Show simple item record

dc.contributor.authorMonte, Jonasen
dc.date.accessioned2017-09-30T16:12:35Z
dc.date.available2017-09-30T16:12:35Z
dc.identifier.urihttp://hdl.handle.net/1974/22799
dc.description.abstractThis thesis discusses some of the critiques of modern moral theories (deontology, utilitarianism, and virtue ethics) posed by Elizabeth Anscombe, Michael Stocker, Bernard Williams, and Susan Wolf. It focuses on Stocker’s challenge that when subjects try to act on such theories they become self-effacing in that they create a divide between one’s reasons and one’s motives. This study argues that in consequence such modern ethical theories have serious difficulties in dealing with the issues these philosophers raise. Nevertheless, while valuing their contributions, I attempt to formulate a more plausible solution to the problems of morality systems. In particular, I argue that these approaches have not dealt adequately with the following questions: If morality systems are repressive and exclude the personal life, why are they still so influential? Why have not people rid themselves of systems that act to the detriment of ethical life? To address such issues, with the intention of understanding how morality systems operate, I turn to Michel Foucault’s concept of disciplinary power. After discussing the problem of the pervasiveness of modern ethical theories, I conclude by making a case for Foucault’s ethics of the care of the self as a way of addressing the problems raised by Stocker and others.en
dc.language.isoengen
dc.relation.ispartofseriesCanadian thesesen
dc.rightsQueen's University's Thesis/Dissertation Non-Exclusive License for Deposit to QSpace and Library and Archives Canadaen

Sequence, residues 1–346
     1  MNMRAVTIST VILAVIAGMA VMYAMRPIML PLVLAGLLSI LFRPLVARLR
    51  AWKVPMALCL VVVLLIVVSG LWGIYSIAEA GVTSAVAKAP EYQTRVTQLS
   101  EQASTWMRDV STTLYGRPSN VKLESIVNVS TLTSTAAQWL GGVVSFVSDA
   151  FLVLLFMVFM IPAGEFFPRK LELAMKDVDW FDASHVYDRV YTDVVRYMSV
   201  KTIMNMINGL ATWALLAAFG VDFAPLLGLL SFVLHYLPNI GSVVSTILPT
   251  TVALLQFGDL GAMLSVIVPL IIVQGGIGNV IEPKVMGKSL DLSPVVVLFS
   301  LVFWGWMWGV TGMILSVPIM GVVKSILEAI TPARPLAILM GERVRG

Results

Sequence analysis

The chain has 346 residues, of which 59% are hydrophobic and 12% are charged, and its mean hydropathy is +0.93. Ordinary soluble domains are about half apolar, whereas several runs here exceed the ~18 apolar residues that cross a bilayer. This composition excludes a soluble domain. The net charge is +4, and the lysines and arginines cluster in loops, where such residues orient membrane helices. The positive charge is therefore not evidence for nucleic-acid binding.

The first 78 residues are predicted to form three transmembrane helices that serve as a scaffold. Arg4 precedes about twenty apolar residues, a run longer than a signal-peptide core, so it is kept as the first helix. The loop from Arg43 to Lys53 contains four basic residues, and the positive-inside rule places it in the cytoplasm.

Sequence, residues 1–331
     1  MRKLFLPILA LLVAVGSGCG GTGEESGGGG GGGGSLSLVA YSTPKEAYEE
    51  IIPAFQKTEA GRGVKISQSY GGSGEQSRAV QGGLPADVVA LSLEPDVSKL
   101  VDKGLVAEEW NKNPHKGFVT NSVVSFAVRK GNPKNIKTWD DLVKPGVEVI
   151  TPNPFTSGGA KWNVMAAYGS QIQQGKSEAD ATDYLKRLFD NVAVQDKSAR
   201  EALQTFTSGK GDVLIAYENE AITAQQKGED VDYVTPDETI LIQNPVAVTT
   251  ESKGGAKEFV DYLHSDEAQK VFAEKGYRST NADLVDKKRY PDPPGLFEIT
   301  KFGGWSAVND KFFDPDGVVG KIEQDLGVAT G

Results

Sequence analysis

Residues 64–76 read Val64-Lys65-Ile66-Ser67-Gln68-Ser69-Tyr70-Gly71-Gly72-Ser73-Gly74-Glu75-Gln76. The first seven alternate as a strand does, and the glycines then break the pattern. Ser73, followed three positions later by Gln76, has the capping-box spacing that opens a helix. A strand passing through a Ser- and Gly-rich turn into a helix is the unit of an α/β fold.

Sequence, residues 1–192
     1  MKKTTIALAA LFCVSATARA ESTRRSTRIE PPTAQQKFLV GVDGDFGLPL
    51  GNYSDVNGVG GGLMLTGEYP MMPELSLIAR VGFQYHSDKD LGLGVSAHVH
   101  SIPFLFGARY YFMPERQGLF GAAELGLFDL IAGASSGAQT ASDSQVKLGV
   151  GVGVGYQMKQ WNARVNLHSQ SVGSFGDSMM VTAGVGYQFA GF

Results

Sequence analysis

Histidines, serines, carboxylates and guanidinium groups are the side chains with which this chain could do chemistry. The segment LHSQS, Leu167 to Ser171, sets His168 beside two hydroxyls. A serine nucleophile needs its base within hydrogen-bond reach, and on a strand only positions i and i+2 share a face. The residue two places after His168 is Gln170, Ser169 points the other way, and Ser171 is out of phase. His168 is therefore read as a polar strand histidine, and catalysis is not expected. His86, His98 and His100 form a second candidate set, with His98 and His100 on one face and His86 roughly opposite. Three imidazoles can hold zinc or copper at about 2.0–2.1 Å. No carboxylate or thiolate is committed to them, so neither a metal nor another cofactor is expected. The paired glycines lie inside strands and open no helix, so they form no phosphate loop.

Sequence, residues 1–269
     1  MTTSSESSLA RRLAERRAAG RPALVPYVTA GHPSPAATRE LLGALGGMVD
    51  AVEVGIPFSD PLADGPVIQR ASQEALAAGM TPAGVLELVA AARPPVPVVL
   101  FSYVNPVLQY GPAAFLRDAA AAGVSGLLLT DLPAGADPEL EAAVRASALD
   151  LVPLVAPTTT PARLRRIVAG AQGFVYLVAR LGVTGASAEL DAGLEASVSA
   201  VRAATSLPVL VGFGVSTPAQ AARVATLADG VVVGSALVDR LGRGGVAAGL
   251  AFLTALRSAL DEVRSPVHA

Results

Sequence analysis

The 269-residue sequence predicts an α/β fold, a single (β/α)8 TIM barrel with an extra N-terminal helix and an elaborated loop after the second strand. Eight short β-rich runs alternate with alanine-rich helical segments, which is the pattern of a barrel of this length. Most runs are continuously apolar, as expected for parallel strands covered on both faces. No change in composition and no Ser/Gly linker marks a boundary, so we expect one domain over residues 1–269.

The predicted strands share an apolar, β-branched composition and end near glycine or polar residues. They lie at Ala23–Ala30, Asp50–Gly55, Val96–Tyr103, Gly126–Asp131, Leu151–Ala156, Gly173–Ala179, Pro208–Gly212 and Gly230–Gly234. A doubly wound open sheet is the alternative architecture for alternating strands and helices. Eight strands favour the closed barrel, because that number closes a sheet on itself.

dc.rightsProQuest PhD and Master's Theses International Dissemination Agreementen
dc.rightsIntellectual Property Guidelines at Queen's Universityen
dc.rightsCopying and Preserving Your Thesisen
dc.rightsThis publication is made available by the authority of the copyright owner solely for the purpose of private study and research and may not be copied or reproduced except as permitted by the copyright laws without written authority from the copyright owner.en
dc.subjectMoralityen
dc.subjectEthicsen
dc.subjectMorality Systemsen
dc.subjectCare of the Selfen
dc.subjectG.E.M. Anscombeen
dc.subjectMichael Stockeren
dc.subjectBernard Williamsen
dc.subjectSusan Wolfen
dc.subjectMichael Foucaulten
dc.subjectModern Ethical Theoriesen
dc.subjectMalady of Spiriten
dc.subjectKantianismen
dc.subjectUtilitarianismen
dc.subjectVirtue Ethicsen
dc.subjectConstitution of the Subjecten
dc.titleThe Ethics of Care of the Self as Resistance to a “Peculiar Institution”en
dc.typethesisen
dc.description.degreeM.A.en
dc.contributor.supervisorSypnowich, Christineen
dc.contributor.departmentPhilosophyen
dc.degree.grantorQueen's University at Kingstonen


Files in this item

Thumbnail

This item appears in the following Collection(s)

Show simple item record